(CNN) — The sci-fi dream of climbing into a flying pod and commuting high above the gridlock has moved a step closer following the successful maiden flight of what could be the vehicle of the future.
The prototype two-seater Lilium Jet, a compact and lightweight electric plane capable of vertical take off and landing, completed an unmanned test earlier this month.
That's given its German creators the green light to forge ahead with plans for a five-seat production model designed for air taxi and ride-sharing services -- or what sounds like an uber Uber.
"Seeing the Lilium Jet take to the sky and performing sophisticated maneuvers with apparent ease is testament to the skill and perseverance of our amazing team," co-founder and chief exec Daniel Wiegand says in a release.
"We have solved some of the toughest engineering challenges in aviation to get to this point."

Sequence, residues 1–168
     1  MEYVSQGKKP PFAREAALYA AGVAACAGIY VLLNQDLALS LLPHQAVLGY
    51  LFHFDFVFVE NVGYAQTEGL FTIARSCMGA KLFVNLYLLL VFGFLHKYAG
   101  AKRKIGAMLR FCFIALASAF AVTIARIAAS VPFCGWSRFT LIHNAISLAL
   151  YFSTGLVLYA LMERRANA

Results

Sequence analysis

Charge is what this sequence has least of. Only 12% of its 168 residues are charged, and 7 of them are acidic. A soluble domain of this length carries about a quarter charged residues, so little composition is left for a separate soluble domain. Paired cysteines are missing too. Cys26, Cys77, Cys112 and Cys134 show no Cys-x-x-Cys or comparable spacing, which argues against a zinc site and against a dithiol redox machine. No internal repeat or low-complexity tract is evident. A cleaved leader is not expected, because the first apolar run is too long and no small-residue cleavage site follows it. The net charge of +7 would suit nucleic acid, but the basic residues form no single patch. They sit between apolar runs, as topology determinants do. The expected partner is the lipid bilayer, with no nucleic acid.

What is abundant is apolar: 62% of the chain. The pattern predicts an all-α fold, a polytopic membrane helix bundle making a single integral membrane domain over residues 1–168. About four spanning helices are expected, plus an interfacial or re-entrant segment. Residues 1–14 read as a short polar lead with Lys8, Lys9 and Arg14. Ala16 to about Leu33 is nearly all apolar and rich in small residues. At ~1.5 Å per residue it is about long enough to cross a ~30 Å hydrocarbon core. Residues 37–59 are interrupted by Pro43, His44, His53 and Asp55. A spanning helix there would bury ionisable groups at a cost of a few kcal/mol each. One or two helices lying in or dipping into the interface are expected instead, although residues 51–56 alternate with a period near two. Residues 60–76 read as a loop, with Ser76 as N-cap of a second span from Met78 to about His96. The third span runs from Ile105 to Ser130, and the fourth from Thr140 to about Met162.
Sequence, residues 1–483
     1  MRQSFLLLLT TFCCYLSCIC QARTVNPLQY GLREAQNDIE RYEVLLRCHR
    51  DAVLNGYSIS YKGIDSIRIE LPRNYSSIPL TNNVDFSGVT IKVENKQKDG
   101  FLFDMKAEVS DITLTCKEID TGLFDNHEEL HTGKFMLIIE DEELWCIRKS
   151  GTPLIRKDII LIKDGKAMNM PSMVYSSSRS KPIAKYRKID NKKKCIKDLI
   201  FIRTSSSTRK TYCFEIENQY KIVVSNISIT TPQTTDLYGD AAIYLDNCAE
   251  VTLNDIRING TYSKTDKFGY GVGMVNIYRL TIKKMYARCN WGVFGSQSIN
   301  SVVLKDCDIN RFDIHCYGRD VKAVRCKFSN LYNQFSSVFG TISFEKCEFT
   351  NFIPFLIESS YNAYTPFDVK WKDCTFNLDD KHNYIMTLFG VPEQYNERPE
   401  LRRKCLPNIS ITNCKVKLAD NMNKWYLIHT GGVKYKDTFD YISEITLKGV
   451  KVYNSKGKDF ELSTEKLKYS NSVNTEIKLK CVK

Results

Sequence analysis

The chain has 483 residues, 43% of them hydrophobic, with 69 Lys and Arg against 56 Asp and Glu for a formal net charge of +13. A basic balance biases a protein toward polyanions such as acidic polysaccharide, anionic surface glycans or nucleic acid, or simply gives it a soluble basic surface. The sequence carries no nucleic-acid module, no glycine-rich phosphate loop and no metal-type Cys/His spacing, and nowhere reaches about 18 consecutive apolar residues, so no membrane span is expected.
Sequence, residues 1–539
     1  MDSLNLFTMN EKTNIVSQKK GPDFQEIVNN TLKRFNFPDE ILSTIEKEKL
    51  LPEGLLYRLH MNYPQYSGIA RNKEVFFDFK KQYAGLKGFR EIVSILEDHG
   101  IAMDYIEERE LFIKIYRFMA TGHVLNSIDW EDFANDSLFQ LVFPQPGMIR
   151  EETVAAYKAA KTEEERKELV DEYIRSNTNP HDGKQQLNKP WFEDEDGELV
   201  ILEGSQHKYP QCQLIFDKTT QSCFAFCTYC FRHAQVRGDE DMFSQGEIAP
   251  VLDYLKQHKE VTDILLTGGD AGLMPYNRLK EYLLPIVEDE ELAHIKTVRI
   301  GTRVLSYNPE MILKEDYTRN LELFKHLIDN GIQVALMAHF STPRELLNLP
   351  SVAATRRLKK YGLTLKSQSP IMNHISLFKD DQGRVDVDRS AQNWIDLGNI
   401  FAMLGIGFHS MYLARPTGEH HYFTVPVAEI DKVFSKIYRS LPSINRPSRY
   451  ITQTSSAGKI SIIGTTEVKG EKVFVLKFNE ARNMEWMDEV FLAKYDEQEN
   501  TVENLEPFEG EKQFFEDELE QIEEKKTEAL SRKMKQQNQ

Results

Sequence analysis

Take off from your garden
The egg-shaped aircraft, which can be powered from a wall socket and could even take off from the garden, can ascend and descend vertically, like a helicopter.
Its 36 jet engines then tilt on moveable flaps from vertical to horizontal to provide forward thrust, with wings providing lift as in a normal airplane.
The Lilium Jet, which creates no harmful emissions and is quieter than conventional aircraft, is estimated to have a range of about 300 kilometers and a maximum cruising speed of 300 kilometers per hour.
For maximum safety, each of the engines is individually shielded, so failure in one can't affect the others.
Sophisticated sensors prevent the pilot from performing maneuvers beyond the jet's predetermined safe flight parameters.
The Lilium Jet is designd to take off vertically from helipads or other small spaces -- even gardens.
The company, which was started by four Munich university graduates in 2015, says the aircraft is designed to be flown in good weather conditions in uncongested airspace in the daylight.
It fits into the Light Sports Aircraft category, so a pilot's license with at least 20 hours of training are needed to fly it.
"In the longer term, our target is to build an aircraft that not only the super-rich can afford, and that can make private air transportation possible for a much wider number of people," says Weigand.
The Lilium Jet could add a whole new meaning to the phrase, "Anyway, must fly..."